MDC split, a reflection of what is happening in ZANU-PF?


A war veteran who is a member of the ruling ZANU-PF has come up with a new theory on why the Movement for Democratic Change (MDC) now seems headed for a permanent split. He says the ZAPU element that had joined the MDC at its formation is simply pulling out.

The split, he says, is a reflection of the battle for succession in the ruling ZANU-PF which started with the imposition of Joyce Mujuru as party vice-president last year. Most people felt that President Robert Mugabe was positioning her to succeed him when he retires in 2008.

The war veteran said elements from the former ZAPU were now regrouping and taking position in readiness for 2008 because they feel that if the unity accord of 1987 was really genuine it is their turn to take over the presidency since ZANU-PF has held it for two decades.

According to the war veteran, these elements are the ones that scuttled the so-called Tsholotsho Declaration, that sought to back Emmerson Mnangagwa for vice-president because it was against their plan.

Commentators, however, brushed off the theory saying the split within the MDC was simply because of personality problems and differences in ideology.

“The MDC was simply a coalition of forces that were disgruntled with the government and the economic meltdown at the time. They did not share a common ideology but simply a similar target, that of removing Mugabe,” political commentator Lawton Hikwa said.

Hikwa said another major problem was that the MDC had adopted a “near perfect” party constitution that had clipped the wings of its leader.

If party leader Morgan Tsvangirai had executive powers, he would simply have said the party would not participate in the senate elections and that would have been it. It would not have been brought before a vote that ultimately led to the present stalemate.

A civic leader who preferred anonymity because of his close ties with both factions of the MDC said the split had exposed the personality and ideological differences in the MDC.

He said it appeared that the pro-senate group was essentially not prepared to be led by someone who they considered not educated. They also considered themselves middle class and were therefore out of touch with the grassroots.

This was one of the reasons why they had lost the senate elections because they had simply taken the electorate for granted.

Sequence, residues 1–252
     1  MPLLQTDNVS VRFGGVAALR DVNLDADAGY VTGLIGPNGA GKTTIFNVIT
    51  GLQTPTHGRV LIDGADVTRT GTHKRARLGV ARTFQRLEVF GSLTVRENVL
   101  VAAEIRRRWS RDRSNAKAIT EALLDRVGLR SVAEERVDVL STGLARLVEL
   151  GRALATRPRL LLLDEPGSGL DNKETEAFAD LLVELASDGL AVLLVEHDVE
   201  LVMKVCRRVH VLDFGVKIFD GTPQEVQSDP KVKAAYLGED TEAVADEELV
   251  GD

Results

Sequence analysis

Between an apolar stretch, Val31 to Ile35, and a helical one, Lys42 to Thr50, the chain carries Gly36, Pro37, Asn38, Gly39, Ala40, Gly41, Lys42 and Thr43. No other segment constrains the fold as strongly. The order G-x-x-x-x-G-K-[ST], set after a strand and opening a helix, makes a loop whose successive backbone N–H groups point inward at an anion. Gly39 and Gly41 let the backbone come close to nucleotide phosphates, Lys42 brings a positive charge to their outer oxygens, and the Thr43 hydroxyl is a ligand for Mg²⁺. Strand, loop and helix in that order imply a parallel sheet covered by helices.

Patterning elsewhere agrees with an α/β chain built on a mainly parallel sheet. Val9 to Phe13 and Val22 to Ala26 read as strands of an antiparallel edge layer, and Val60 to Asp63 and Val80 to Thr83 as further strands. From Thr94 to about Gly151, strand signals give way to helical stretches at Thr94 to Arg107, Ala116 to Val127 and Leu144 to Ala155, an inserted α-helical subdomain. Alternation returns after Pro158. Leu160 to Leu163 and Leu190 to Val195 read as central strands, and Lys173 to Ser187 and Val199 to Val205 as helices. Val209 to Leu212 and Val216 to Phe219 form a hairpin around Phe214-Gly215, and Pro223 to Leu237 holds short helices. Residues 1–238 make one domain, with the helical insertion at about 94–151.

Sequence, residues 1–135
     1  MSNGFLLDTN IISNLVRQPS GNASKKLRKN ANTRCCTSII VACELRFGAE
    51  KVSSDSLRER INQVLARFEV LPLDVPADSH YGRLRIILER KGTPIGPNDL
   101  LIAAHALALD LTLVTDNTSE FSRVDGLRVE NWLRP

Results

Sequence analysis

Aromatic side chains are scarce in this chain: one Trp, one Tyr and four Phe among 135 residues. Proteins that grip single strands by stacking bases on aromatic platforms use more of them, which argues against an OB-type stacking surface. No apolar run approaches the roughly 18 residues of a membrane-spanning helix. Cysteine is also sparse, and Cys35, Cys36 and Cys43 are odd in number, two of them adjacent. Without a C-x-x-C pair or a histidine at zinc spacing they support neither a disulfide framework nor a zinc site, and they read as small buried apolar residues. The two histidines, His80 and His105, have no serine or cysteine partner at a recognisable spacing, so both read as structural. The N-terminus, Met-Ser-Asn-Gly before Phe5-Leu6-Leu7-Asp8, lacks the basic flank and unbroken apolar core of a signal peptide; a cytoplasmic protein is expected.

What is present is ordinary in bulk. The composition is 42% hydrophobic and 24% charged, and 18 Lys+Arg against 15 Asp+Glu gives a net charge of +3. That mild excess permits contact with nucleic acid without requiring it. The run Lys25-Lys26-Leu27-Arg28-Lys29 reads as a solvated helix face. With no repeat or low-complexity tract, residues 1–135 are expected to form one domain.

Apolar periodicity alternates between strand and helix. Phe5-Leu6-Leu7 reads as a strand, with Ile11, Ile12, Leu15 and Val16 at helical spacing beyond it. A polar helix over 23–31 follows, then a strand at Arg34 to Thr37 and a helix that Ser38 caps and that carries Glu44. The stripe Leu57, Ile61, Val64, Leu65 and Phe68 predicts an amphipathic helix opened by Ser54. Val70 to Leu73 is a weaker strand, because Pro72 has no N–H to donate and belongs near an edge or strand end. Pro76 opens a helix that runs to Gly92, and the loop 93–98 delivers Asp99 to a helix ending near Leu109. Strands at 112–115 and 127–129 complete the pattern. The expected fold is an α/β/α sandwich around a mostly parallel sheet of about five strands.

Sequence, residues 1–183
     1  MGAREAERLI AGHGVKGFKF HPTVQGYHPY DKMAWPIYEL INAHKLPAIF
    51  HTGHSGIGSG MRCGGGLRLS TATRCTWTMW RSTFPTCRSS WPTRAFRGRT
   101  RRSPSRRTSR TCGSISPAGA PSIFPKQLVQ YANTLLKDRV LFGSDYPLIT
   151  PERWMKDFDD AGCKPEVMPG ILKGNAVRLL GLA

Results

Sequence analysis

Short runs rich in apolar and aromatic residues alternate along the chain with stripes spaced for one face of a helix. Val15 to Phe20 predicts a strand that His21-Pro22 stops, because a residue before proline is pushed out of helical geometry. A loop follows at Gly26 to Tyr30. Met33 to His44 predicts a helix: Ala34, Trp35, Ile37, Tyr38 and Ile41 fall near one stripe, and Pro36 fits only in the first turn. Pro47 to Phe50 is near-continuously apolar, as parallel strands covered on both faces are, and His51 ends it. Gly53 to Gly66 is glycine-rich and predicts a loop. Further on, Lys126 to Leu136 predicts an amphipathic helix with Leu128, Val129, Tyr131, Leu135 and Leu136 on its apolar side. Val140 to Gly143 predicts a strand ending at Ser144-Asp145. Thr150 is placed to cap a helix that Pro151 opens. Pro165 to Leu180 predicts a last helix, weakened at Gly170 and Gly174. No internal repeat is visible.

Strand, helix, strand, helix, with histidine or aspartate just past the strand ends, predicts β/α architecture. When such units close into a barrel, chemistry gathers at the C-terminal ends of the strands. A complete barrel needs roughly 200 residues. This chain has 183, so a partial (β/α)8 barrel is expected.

The civic leader who admitted that it was no secret that most civic organisations were behind Tsvangirai because they were against the senate elections, said as a trade unionist, Tsvangirai had the grassroots at heart.

His efforts to organise mass action had therefore been frustrated by his colleagues because they did not believe in them.

The civic leader dismissed the theory that the split was simply a pull out by former ZAPU elements. He said ZAPU could not be regrouping as its leaders had already been discredited.

“Right now, it is not a question of ZANU and ZAPU. Anybody who challenges Mugabe becomes a principal and anybody seen to be working with him loses credibility.

“People from Matabeleland who think Tsvangirai cannot do without them are fooling themselves. Politics in Zimbabwe has always been linked to personalities.

“You cannot talk about ZANU without Mugabe, ZAPU without (Joshua) Nkomo, ZUM (Zimbabwe Unity Movement) without (Edgar) Tekere and MDC without Tsvangirai.

“This is the people’s conception of things. So Tsvangirai can come up with new people from Matabeleland and people will accept them just like they accepted those who joined the MDC in 1999 because they were nonentities at the time. What is more important is whether your policies resonate with the people.”

Hikwa agreed. He said people’s loyalties at the moment were driven more by the need for change. They were looking for someone who could redeem them from the present crisis. But at the same time, he added, they were tired of empty promises, that is why they did not vote in the just ended senate elections.


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Charles Rukuni
The Insider is a political and business bulletin about Zimbabwe, edited by Charles Rukuni. Founded in 1990, it was a printed 12-page subscription only newsletter until 2003 when Zimbabwe's hyper-inflation made it impossible to continue printing.


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